A recent article over on the CPO Agenda on Fresh Thinking, which noted that Procurement must be bolder in bringing about wholesale change that delivers effective results for the business, highlighted a number of areas that could be ripe for change. These areas need to be looked at carefully because their current state could actually be holding the Supply Management organization back. In order to advance, Supply Management cannot accept the status quo when the status quo is an outdated, ineffective, and or costly way of running the business.

The following five areas are ripe starting grounds for a Supply Management organization that wants to take its operations to the next level.

  • Organizational Rules
    Are organizational rules limiting opportunities for efficiency and effectiveness? There are a number of ways organizational rules could be impacting the Supply Management organization, including, but not limited to:

    • Diversity/Buy American Mandates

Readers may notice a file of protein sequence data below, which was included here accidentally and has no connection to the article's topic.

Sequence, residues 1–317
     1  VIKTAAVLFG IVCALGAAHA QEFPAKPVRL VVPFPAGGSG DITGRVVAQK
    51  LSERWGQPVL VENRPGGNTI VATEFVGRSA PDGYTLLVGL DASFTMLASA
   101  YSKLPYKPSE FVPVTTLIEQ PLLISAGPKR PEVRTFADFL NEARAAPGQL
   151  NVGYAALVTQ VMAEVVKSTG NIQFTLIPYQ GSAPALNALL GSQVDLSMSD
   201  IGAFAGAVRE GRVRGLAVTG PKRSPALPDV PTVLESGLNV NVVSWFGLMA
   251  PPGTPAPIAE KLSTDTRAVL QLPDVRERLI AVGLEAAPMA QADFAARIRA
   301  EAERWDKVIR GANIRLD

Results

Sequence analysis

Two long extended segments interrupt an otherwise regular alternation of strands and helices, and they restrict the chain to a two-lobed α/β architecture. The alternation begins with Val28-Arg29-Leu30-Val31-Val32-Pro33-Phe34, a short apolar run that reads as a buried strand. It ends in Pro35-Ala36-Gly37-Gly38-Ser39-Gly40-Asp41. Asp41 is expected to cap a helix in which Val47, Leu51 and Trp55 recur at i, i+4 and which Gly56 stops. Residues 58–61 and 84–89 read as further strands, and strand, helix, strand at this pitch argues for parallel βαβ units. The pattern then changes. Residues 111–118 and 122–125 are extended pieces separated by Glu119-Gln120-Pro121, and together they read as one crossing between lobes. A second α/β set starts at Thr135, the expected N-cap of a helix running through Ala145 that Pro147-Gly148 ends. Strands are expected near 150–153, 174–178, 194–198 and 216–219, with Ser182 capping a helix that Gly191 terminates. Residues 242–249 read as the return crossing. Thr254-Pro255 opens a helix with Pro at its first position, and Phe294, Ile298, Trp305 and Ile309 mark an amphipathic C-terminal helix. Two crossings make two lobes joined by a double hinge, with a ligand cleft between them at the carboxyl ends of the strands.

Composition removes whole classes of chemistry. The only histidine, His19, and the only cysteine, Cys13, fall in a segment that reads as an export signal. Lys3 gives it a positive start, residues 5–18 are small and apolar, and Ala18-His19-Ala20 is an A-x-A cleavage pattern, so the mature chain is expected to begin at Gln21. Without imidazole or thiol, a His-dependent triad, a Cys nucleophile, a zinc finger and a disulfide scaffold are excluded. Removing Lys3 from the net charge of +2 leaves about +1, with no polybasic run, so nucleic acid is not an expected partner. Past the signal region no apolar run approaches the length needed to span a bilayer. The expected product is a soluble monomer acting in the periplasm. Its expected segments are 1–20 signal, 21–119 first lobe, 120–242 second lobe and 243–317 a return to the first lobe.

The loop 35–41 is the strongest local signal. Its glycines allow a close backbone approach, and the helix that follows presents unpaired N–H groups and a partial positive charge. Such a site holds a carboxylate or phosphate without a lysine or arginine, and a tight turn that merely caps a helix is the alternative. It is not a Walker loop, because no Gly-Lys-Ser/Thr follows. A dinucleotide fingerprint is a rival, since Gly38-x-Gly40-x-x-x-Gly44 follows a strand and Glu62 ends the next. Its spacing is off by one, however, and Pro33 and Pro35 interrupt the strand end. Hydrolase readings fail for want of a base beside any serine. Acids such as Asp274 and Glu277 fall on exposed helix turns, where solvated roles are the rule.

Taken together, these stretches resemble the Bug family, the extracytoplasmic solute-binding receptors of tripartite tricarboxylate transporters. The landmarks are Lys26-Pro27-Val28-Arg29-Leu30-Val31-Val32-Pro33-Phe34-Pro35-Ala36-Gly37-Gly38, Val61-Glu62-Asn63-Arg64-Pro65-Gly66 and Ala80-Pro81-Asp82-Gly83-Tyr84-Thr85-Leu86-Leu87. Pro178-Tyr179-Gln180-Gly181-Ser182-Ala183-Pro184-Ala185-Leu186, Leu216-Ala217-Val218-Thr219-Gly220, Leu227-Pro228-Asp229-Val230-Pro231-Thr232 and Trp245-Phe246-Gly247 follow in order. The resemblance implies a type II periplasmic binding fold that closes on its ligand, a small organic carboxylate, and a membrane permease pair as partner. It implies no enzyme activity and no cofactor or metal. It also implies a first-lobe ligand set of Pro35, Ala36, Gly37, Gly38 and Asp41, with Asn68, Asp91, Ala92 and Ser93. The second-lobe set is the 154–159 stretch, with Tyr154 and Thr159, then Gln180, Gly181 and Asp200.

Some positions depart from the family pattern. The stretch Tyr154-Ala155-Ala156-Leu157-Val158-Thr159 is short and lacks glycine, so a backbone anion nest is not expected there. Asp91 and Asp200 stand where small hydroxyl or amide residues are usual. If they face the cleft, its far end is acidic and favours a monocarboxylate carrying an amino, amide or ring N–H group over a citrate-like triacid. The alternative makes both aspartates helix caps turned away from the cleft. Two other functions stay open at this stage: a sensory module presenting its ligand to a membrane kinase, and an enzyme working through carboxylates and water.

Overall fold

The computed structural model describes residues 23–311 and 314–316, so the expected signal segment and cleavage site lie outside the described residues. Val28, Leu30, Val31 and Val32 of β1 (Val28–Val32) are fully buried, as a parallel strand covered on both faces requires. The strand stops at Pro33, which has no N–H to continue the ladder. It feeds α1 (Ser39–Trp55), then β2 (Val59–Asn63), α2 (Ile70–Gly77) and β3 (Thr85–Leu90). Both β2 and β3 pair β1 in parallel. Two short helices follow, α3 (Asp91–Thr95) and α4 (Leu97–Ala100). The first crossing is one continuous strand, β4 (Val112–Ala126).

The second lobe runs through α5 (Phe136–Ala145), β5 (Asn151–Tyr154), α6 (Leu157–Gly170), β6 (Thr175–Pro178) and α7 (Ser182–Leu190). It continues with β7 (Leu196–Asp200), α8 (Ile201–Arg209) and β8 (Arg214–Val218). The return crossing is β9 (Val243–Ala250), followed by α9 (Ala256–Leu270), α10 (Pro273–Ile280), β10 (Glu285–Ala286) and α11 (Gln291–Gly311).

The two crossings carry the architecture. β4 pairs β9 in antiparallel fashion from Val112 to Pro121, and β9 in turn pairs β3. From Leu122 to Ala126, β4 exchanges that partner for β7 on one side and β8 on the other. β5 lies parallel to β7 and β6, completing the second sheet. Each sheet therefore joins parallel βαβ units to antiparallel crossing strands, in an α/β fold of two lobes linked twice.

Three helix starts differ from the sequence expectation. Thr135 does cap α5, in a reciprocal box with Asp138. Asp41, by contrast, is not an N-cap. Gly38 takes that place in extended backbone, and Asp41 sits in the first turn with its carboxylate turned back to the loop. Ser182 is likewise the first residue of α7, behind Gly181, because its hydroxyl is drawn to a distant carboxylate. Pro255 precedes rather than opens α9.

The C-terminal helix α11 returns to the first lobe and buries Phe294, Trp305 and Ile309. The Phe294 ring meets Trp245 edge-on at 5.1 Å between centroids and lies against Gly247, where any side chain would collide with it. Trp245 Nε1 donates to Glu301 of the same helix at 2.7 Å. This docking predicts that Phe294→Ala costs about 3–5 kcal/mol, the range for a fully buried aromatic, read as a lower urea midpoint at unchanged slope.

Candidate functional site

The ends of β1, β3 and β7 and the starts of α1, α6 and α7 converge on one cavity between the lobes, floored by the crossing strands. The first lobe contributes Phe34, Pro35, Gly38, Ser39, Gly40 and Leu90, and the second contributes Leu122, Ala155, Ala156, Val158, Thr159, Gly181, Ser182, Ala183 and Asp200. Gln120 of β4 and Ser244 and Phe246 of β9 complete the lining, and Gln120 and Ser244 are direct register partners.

While it’s often a good idea to diversify spend and buy at least some products or services at home (to address offshoring risks), excessive diversity or buy american mandates can severely limit options and have a dramatic impact on efficiency and effectiveness.
    • Payment Terms
      If finance is imposing egregious payment times on suppliers (of 90 days or more), this will limit the supply base that is available to the organization as some suppliers won’t stand for such BS.
    • Approval Chains
      If Procurement has to get a sign-off from each affected organization before every buy, and executives for buys over a certain dollar limit, they will be spending more time trying to get signatures than doing their job. Sign-offs should only be required for critical buys or very high dollar buys, not for office supplies or temp services.
  • Specifications
    The specifications could be outdated, non-standardized, or overly specific and all of these can add cost and drain efficiency.

    • Overly Specific
      If the specifications call for specific components from specific suppliers that are essentially commodities, they are overly specific and limiting competitiveness.
    • Non-Standardized
      If each department has their own specification for a workstation with a different configuration, this can limit leverage — especially since it’s very easy to standardize on an office workstation configuration for business people and one for technical people.